I also had some problems with some of the cliché characters. There’s an idiotic loud-mouthed soldier, the standard caricature of a gung-ho, cock-sure warrior with more machismo than sense, who is so impatient for battle to begin that he promptly gets himself killed by peeking out from cover in excitement after killing an alien as he mouths off about the awesomeness of war. And then the description of his death is especially visceral, with bullet-shockwave-pressurized brain matter spewing forth from his head as he’s shot, as if to especially emphasize to the reader that this guy deserved to die for his foolishness.

There’s also a smarmy, condescending politician-cum-soldier who thinks so highly of himself that he believes he can single-handedly negotiate peace in the middle of war; he drops his weapon, approaches a group of aliens, and is instantly turned into a fine bloody mist when all of the aliens simultaneously fire their club-shaped traditional weapons (which just so happen to be shotguns). It was another especially gruesome death, carefully written by Scalzi as if to say “This jerkwad deserved it”. And I’m not sure I like the message of it either; it’s a non sequitur attack against giving diplomacy a chance.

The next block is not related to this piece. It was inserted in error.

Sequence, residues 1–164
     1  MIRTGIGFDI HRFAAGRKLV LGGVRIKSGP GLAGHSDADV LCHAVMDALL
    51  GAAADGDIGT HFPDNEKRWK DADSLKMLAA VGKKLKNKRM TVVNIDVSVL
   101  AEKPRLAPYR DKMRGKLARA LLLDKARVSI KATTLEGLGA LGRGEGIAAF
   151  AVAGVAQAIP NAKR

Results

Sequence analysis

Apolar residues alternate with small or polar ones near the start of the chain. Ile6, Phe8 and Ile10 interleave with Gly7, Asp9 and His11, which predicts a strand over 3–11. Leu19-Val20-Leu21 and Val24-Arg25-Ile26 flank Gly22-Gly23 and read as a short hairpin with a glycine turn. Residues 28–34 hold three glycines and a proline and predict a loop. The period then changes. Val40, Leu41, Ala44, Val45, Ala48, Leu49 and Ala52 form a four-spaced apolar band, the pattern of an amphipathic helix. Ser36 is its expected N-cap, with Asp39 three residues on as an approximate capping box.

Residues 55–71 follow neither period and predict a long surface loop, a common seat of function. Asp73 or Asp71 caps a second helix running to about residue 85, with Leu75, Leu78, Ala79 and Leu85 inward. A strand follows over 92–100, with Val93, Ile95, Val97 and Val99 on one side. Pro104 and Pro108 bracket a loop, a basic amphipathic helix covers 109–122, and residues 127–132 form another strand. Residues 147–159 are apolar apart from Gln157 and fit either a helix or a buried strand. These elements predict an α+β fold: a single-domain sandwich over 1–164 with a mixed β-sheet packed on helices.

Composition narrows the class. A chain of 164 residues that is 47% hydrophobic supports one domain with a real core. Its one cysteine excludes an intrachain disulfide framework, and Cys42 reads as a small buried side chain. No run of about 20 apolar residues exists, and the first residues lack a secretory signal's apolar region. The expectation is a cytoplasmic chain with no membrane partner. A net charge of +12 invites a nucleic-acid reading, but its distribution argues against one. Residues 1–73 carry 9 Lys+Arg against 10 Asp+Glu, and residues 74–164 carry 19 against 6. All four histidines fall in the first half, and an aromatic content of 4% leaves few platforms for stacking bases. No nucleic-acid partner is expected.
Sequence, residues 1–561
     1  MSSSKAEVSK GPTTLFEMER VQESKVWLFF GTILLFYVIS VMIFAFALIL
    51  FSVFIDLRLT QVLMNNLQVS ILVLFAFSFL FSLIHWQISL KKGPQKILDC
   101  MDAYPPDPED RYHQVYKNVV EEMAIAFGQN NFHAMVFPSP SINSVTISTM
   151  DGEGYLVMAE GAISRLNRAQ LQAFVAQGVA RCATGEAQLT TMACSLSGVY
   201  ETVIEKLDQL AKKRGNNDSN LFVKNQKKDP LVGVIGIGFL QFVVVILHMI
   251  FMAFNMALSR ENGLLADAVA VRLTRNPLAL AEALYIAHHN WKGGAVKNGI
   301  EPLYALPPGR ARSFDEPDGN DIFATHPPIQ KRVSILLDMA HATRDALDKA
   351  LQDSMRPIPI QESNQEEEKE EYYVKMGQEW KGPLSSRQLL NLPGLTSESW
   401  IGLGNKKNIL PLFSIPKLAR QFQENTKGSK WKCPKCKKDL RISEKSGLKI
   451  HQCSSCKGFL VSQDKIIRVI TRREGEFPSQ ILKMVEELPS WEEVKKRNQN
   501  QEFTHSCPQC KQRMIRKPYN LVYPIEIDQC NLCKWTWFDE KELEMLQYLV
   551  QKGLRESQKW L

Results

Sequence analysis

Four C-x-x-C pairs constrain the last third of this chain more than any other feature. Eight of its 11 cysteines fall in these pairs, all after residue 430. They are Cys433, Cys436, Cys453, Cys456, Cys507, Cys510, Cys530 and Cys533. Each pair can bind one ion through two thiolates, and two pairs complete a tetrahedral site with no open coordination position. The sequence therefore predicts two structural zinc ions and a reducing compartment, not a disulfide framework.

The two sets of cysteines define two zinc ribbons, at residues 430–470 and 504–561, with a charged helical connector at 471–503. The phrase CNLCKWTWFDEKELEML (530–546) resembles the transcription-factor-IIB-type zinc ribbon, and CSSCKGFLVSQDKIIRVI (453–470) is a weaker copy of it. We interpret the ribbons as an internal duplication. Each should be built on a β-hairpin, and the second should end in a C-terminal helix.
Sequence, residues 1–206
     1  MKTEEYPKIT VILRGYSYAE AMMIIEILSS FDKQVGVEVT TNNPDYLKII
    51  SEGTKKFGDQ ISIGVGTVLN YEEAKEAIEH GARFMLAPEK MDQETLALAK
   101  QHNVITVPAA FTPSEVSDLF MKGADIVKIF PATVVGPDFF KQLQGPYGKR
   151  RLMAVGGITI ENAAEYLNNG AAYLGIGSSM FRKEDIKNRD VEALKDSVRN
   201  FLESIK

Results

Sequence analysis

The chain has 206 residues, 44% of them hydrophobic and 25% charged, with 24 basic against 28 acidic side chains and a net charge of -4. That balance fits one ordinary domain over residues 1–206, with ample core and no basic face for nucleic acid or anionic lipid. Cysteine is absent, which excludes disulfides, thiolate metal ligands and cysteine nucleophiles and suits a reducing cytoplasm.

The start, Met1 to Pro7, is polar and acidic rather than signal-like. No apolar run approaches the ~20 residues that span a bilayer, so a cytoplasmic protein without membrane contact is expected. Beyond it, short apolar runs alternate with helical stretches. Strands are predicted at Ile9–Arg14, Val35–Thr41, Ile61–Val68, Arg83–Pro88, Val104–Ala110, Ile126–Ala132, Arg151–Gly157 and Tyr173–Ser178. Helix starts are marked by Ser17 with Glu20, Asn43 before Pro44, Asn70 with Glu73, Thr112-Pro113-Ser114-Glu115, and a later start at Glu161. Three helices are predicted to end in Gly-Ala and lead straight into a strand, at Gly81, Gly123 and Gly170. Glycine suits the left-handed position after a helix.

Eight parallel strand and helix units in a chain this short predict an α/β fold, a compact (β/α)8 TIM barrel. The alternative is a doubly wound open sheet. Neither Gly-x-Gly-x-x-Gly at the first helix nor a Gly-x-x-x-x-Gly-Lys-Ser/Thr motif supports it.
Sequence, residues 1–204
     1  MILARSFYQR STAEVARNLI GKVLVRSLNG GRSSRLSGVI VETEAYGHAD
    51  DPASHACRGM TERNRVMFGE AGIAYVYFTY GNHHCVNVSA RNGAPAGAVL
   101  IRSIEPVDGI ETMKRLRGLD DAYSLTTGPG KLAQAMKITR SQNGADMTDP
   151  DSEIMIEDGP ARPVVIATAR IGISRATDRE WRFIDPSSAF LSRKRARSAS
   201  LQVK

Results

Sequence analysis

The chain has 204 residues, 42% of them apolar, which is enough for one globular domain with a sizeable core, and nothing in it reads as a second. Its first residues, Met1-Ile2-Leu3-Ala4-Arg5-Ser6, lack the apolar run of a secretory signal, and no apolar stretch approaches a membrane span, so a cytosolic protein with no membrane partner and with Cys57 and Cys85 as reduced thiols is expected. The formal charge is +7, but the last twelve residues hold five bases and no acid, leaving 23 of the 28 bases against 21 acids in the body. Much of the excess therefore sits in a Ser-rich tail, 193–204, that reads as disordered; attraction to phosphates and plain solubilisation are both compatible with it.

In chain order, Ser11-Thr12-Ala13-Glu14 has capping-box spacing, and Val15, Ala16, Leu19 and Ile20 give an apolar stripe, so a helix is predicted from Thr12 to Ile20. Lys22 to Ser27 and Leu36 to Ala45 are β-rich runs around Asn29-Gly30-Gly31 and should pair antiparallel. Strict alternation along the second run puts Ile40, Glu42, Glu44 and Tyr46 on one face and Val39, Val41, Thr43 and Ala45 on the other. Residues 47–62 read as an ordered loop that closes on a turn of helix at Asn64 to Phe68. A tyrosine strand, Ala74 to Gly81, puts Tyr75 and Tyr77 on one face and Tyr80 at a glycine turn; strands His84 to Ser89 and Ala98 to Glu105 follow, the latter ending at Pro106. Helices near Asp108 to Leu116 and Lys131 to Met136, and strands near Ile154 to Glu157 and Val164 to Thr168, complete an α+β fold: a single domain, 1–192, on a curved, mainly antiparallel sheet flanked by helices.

You could see the deaths of both of these cliché characters telegraphed from pages away. While I suppose these scenes were intended to be satisfying, indulging a schadenfreudist delight in watching idiots get their just desserts, they just left me feeling hollow, and especially in the case of the first character, contradictory. The soldiers in these scenes are all 75-year-olds given new bodies right before being shipped off to war; how many of the elderly still retain such levels of foolishness and impudence that can only be found in youth?